The Chancellor's hidden blow to disabled people.

By Bernadette Meaden
September 30, 2014

The Chancellor’s Conference speech contained a statement about disabled people and benefits which was misleading, but went largely unchallenged by the mainstream media. Mr Osborne promised a two year freeze on working age benefits if the Conservatives are re-elected but made a point of saying, "disability benefits will be excluded". Is that true?

Well, it all depends on what you consider to be a disability benefit. Included in the proposed freeze are people who receive Employment and Support Allowance (ESA) and are part of the Work Related Activity Group (WRAG). These are people who the Department for Work and Pensions (DWP) have decided are not fit for work at the moment, but are required to undertake work related activity, with a view to returning to work in future.

The public would probably assume that this group was for people who had had an accident or injury from which they would soon recover, or an illness which was expected to get better. No doubt that’s what most of the audience in the conference hall who applauded the Chancellor’s speech would think, if they thought about it at all.

However, this is far from the truth. People placed in the WRAG may have serious disabilities or degenerative conditions, from which (barring a miracle), they will never recover. Last year Parkinson’s UK reported that 43 per cent of people with Parkinson’s, MS, or other progressive conditions, who found they could no longer work and put in a claim for ESA, were placed in the WRAG group. The DWP was telling them they would recover, but as Parkinson’s UK pointed out, "This directly contradicts the definition of a progressive condition, which can only get worse over time."

So when the government claims that disabled people will be protected from the two year benefits freeze, it is a very disingenuous statement. Sadly it’s not the first time the government has deceived the public over its treatment of disabled people.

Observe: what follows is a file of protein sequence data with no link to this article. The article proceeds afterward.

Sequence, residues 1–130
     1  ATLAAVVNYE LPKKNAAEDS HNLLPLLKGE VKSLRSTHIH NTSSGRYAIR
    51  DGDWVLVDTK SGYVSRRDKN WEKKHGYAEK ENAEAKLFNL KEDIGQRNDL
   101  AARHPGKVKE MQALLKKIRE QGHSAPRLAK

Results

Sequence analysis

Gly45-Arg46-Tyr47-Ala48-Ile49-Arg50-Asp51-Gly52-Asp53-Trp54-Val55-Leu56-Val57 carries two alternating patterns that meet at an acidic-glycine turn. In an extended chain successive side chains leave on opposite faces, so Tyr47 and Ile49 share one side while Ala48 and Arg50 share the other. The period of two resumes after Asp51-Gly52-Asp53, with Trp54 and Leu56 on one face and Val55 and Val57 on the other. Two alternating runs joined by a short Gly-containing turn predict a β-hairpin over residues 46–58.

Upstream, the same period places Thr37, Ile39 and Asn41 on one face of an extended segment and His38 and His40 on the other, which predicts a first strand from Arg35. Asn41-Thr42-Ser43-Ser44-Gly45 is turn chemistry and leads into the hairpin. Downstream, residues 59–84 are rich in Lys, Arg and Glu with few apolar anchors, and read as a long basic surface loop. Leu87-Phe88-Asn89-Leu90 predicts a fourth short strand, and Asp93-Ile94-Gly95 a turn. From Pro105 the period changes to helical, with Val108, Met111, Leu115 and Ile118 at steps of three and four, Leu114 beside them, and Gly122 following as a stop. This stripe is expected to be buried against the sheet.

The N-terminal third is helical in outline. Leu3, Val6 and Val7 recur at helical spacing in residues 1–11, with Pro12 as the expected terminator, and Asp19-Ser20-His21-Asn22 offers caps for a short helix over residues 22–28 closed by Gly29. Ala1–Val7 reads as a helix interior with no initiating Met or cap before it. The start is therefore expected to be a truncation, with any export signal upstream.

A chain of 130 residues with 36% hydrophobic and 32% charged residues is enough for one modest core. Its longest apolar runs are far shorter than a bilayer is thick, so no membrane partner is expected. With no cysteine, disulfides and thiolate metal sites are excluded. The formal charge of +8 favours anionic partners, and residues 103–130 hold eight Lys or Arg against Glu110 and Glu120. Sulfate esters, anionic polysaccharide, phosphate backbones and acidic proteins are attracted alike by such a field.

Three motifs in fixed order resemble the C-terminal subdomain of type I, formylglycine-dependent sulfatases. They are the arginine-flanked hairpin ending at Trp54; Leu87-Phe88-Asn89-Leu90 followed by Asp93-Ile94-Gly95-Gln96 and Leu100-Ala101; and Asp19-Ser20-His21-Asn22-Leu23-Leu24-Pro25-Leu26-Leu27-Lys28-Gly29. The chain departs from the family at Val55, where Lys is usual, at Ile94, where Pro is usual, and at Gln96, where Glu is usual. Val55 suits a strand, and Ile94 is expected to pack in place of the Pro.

Ever sine the bedroom tax was introduced, the Prime Minister has repeatedly stated in Parliament that disabled people are exempt. This is simply not true. As the Disability Benefits Consortium stated, "We have been deeply frustrated at reports that disabled people and their families are protected from this policy. The stark evidence since the policy was implemented in April clearly shows they are not. It is hitting disabled people who need an extra room for essential home adaptations or equipment which enable them to live independently; seriously or terminally ill people who sleep on hospital beds and cannot share a room with a partner who cares for them and parents caring 24/7 for disabled children who need a room for a care worker to stay in to give them a night off from caring.

"None of these groups are exempt and our organisations are seeing the devastating impact it is having on those who now face a shortfall in their rent as a result of the changes. Nine in 10 disabled people and three quarters of carers affected are now having to cut back on food and heating to pay the shortfall in rent they face as a result of this policy."

It is high time the government started telling the truth about the way it treats disabled people. Failing that, it is time the mainstream media challenged its deceptions.

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© Bernadette Meaden has written about political, religious and social issues for some years, and is strongly influenced by Christian Socialism, liberation theology and the Catholic Worker movement. She is an Ekklesia associate and regular contributor. You can follow her on Twitter: @BernaMeaden

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